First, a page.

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Subscribing existing hosts in Red Hat Satellite.

Select all hosts, or individually select the ones you want to have subscribed. In the Selection Action menu list, choose Manage Subscriptions.

This action opens the Content Host Bulk Subscriptions page, where you can select the EPEL8 subscription and then select Done:

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Content host subscription options in Red Hat Satellite.

 

Adjusting Activation Keys

To adjust content publishing for future hosts to be subscribed, edit the appropriate Activation Key. Do this by going to Content -> Activation Keys and selecting the appropriate key. Once you are in the key, go to the Subscriptions tab, and select Add:

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Select the activation key for your future hosts in Red Hat Satellite.

Choose the EPEL subscription and select Add Selected to complete this step:

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Add an EPEL subscription to Red Hat Satellite.

Note: Reference the product documentation for managing activation keys. In, particular take note that "changes made to an [existing] activation key, are applicable only to hosts that are registered with the amended activation key in the future. The changes are not made to existing hosts."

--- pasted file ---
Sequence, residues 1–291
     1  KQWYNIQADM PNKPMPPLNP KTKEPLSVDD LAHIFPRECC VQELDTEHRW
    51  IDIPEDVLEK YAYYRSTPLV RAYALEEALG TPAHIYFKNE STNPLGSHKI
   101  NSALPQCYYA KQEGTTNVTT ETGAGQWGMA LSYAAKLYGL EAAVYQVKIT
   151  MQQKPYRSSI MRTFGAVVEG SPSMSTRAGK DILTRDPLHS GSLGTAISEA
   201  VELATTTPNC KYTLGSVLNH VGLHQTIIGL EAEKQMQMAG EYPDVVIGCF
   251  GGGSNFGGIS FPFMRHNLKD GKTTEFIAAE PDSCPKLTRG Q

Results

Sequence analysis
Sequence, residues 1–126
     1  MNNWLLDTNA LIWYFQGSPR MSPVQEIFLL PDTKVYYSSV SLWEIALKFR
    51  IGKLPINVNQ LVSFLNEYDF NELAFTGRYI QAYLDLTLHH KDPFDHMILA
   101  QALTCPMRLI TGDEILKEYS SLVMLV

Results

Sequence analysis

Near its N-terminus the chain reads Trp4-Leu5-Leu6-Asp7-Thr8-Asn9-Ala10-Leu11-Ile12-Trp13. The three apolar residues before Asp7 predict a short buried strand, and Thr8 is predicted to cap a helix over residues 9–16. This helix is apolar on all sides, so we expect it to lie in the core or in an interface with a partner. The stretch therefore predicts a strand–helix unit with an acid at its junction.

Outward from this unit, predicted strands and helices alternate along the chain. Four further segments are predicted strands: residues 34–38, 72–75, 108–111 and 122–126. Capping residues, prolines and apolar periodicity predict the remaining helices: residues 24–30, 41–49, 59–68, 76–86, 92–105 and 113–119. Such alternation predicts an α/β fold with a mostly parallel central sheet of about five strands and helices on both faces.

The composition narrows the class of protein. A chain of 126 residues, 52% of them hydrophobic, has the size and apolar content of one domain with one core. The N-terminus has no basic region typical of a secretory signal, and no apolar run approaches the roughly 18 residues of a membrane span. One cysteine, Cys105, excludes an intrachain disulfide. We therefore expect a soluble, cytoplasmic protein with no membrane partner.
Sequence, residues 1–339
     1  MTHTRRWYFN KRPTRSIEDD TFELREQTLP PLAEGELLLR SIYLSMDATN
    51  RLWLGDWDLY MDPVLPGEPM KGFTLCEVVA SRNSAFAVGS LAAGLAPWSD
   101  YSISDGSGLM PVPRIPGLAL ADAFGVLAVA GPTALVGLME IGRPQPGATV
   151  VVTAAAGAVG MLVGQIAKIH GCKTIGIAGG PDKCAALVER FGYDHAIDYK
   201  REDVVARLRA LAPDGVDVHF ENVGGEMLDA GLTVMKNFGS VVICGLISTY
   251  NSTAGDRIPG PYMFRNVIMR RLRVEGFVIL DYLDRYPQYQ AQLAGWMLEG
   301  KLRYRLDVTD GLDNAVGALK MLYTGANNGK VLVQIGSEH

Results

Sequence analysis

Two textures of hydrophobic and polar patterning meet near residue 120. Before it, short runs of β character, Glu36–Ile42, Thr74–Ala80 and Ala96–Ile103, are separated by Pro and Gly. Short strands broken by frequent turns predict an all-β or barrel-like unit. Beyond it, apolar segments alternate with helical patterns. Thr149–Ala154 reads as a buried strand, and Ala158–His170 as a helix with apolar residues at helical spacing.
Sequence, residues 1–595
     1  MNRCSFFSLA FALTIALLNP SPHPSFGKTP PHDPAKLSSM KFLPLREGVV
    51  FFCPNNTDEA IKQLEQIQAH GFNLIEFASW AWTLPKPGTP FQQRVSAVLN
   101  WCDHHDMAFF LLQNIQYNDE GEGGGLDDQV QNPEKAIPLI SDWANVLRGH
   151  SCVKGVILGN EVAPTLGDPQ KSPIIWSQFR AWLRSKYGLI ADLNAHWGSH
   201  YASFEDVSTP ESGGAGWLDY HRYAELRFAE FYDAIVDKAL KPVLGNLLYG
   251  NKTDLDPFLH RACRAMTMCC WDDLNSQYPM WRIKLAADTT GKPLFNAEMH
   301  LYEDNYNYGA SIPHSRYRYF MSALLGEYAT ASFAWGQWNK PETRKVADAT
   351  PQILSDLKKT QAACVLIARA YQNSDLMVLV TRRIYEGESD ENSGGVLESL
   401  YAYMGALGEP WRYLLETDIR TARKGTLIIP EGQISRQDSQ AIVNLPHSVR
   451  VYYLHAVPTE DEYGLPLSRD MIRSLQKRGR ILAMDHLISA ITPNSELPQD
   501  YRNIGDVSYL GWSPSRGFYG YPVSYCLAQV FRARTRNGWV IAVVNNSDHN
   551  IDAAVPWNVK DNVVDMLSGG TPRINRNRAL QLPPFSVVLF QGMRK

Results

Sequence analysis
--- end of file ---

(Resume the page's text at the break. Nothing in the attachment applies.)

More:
Publish and promote content

Note: Pause here and check that the synchronization step completed. If not, take a quick break until that process finishes before moving on.

Using content views is the best practice, as they allow for managing the content lifecycle across your environments; for instance, moving a series of patches from development, to test, and then to production.

This final series of steps walks through adding the repository to your content view, publishes the new content and promotes that content to the lifecycle environment. These steps assume that a view already exists. You can reference the full documentation for managing content views for more details.

Select an existing content view by going to Content -> Content Views. Select the content view to be updated, and when that view opens, select the Yum Content tab and Repositories shown in the example here:

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Content View